This paper presents an evaluation study of a real-time fifth-generation Pennsylvania State University-NCAR Mesoscale Model (MM5) mesoscale ensemble prediction system in the Taiwan area during the 2003 mei-yu season. The ensemble system consists of 16 members that used the sam nested domains of 45- and 15-km resolutions, but different model settings of the initial conditions (ICs), the cumulus parameterization scheme (CPS), and the microphysics scheme (MS). Verification of geopotential height, temperature, relative humidity, and winds in the 15-km grid shows that the members using the Kain-Fritsch CPS performed better than those using the Grell CPS, and those using the Central Weather Bureau (CWB) Nonhydrostatic Forecast System (NFS) ICs fared better than those using the CWB Global Forecast System (GFS) ICs. The members applying the mixed-phase MS generally exhibited the smallest errors among the four MSs. Precipitation verification shows that the members using the Grell CPS, in general, had higher equitable threat scores (ETSs) than those using the Kain-Fritsch CPS, that the members with the GFS ICs performed better than with the NFS ICs, and that the mixed-phase and Goddard MSs gave relatively high ETSs in the rainfall simulation. The bias scores show that, overall, all 16 members underforecasted rainfall. Comparisons of the ensemble means show that, on average, an ensemble mean, no matter how many members it contains, can produce better forecasts than an individual member. Among the three possible elements (IC, CPS, and MS) that can be varied to compose an ensemble, the ensemble that contains members with all three elements varying performed the best, while that with two elements varying was second best, and that with only one varying was the worst. Furthermore, the first choice for composing an ensemble is to use perturbed ICs, followed by the perturbed CPS, and then the perturbed MS.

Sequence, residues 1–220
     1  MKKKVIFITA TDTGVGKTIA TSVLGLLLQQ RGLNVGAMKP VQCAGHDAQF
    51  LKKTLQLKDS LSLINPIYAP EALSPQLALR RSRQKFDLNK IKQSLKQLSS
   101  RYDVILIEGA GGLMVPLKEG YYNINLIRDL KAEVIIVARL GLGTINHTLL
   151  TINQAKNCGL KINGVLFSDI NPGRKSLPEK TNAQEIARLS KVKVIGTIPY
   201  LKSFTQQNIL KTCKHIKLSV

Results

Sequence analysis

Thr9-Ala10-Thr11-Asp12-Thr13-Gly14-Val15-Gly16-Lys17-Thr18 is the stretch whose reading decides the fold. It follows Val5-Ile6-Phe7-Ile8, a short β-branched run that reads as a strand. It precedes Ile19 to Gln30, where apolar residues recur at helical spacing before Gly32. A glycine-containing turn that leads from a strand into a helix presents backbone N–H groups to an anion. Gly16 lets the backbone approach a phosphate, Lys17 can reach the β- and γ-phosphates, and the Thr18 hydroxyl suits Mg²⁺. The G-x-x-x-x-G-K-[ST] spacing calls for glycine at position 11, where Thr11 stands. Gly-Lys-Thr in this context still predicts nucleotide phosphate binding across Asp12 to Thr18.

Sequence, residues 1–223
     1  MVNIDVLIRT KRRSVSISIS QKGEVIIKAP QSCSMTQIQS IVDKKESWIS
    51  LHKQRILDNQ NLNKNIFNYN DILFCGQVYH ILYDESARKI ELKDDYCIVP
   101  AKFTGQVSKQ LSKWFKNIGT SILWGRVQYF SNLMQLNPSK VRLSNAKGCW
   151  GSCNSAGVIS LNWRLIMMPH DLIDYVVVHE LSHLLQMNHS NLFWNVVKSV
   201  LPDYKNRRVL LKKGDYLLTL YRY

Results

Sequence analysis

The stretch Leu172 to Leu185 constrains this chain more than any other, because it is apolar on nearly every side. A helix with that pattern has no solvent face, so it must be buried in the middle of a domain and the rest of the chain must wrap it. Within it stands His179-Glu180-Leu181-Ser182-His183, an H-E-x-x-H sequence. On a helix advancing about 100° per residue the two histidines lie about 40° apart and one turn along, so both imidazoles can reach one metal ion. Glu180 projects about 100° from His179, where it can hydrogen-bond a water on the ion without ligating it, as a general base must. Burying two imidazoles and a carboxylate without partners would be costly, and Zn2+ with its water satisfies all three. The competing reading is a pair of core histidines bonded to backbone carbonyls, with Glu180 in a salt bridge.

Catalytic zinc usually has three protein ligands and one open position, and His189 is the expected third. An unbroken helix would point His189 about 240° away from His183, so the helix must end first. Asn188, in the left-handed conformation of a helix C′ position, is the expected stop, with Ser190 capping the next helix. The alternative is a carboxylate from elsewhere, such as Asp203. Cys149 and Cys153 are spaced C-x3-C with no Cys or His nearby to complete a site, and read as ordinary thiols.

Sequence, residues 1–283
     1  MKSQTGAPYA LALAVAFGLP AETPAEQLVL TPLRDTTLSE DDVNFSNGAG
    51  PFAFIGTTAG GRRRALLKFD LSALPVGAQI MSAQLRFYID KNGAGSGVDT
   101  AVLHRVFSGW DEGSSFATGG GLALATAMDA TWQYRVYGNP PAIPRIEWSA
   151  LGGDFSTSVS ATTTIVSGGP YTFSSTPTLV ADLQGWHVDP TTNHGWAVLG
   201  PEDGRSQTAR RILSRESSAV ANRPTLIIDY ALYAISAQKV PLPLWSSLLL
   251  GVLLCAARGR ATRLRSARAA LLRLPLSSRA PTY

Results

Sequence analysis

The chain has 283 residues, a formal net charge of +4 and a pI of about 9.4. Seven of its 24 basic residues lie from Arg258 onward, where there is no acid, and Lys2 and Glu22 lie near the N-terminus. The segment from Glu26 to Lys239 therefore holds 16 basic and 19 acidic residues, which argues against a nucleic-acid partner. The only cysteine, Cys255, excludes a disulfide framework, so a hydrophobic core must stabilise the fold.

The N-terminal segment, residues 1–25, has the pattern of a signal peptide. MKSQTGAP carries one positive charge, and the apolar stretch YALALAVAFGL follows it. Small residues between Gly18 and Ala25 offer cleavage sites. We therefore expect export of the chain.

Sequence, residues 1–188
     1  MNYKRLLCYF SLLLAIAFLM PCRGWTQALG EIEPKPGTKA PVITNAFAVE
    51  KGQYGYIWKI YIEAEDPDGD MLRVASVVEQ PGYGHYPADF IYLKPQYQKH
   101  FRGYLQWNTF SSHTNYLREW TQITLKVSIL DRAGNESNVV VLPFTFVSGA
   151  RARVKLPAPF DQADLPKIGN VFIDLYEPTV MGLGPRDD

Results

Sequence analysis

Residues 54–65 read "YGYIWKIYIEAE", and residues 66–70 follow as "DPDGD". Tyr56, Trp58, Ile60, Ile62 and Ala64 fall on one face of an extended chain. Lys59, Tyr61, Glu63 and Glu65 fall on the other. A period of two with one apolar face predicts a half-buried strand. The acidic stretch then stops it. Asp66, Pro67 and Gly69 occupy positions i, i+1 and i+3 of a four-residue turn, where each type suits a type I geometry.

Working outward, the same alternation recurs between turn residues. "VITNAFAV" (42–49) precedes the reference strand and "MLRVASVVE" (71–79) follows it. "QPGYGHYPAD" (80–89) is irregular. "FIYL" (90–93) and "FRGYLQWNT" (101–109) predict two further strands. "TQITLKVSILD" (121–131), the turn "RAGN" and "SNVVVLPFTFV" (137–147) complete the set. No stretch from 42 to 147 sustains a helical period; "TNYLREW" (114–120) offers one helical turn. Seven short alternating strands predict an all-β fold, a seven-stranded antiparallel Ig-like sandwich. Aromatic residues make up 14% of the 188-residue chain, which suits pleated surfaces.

ASJC Scopus subject areas
- Atmospheric Science